Photo & Video Sharing by SmugMug

The view point is actually quite deceiving. It looks like a simple up and over, but luckily we had had the experience to know that the climb wasn't as simple as it appeared. It was nearly three miles from where we were sitting to Doll Flats with nearly two miles of that being on top of an exposed ridge line. I was leaning in the direction to go. The thunder seemed distant enough and the clouds were still high and moving quickly. Judging how overcast the sky had become it was possible that once it started to rain it wasn't going to stop. We were loosing time by sitting still. Cori felt uncomfortable. And just as I had spoken my peace it thundered overhead. We headed back underneath the trees to a campsite just up the trail.

I put my rain jacket on and began to mentally prepare myself to sit out a thunderstorm. The wind was howling through the trees and it was beginning to rain, fat rain drops. The kind of rain drops that are part of some hellacious terential downpour. This is going to suck, I thought to myself. I kept hearing what I thought were trees banging together from the wind in the woods behind us. Damn, that's loud, I kept thinking; and slightly weird. Soon, the knocking trees were followed by men's voices coming from a direction where a trail did not exist. What the heck?!!? Cori and I looked at each other, puzzled. "Look, just so we're both on the same page. If some guys come walking out of that forest and offer to let us take shelter in their tents during this shit I'm not going. You understand?" I said to Cori. She grabbed the mace out of her pack and put it in her pocket. She understood. Just then two of the most hillbilly looking country men stepped out of the woods. My mind raced. We were both were thinking the same thing. There were campers we had just passed up the trail. We grabbed our stuff and booked it to their campsite. After a semi-dramatic entrance, Cori explained our situation and asked if we could wait out the storm near them for safety purposes and they welcomed us with open arms.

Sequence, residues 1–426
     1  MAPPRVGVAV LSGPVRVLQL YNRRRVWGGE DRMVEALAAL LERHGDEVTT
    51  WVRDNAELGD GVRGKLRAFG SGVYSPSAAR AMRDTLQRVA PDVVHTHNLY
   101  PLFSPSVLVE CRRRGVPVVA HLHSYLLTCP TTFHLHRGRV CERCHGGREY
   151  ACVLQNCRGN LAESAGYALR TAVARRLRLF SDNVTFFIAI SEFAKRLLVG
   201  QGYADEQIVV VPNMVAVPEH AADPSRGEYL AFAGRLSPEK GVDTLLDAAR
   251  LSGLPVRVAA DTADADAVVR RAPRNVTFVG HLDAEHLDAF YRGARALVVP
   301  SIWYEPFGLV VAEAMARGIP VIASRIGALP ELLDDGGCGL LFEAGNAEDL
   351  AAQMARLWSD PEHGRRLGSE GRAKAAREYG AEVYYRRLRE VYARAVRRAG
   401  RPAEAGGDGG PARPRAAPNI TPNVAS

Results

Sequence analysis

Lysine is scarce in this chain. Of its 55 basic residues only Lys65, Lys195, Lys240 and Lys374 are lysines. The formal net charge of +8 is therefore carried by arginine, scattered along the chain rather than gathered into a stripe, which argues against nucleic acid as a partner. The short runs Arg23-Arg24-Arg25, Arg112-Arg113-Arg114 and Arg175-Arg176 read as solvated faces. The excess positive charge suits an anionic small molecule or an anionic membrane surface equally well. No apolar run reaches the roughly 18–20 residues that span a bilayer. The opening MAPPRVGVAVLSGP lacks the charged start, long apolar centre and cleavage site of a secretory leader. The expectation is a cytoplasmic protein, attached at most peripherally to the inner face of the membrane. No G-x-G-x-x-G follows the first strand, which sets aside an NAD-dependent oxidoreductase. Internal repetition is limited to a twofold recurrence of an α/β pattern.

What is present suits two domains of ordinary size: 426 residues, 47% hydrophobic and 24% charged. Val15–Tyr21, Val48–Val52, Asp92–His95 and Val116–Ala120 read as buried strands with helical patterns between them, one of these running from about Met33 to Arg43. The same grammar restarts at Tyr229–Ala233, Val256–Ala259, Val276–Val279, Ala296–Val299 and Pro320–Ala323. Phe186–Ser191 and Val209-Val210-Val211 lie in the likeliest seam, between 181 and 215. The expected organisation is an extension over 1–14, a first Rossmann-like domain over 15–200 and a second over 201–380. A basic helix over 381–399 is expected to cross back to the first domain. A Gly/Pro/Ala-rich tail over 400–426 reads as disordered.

The group was part of a Wilderness Camp and they were on their second day out. We chatted for awhile, with thunder over-head. It rained, but never down-poured. After an hour of sitting there the sky ahead looked like it was beginning to clear and the thunder was more distant and less frequent. We thanked our hosts and moved back to the trail. We reached the end of Bradley Gap and starred back up over Hump Mountain. It was now or never. We took off. It was windy, but not so windy that it was hard to stand up-right, and it was still raining big fat rain drops. We were nearly a mile into the climb up Hump Mountain when it thundered. Fuck. This mountain totally has it in for me. Cori was ahead of me and stopped and turned around. "Just go!" I yelled. "We need to get the heck over this thing!"And we went.

We were lucky. The storm was never directly overhead, but it was always close enough to remind me that one of us could be zapped off the mountain at any minute. We made it to Doll Flats by 6:30. We had three miles to go, all of it under tree cover. Thank goodness. We reached the car by 7:30, slightly damp but most importantly, we made it alive.

Admittedly, this experience went far better than my previous one, but it still far from the fairy tale hike that I'm dreaming of.

When we finally made it home we hopped online only to discover the massive power outages that eastern Tennessee was experiencing as a result of severe thunderstorms that passed through the area around 4:00 in the afternoon; AKA the storms we were hiking in. 

It was almost epic. Almost. 

No comments:

Post a Comment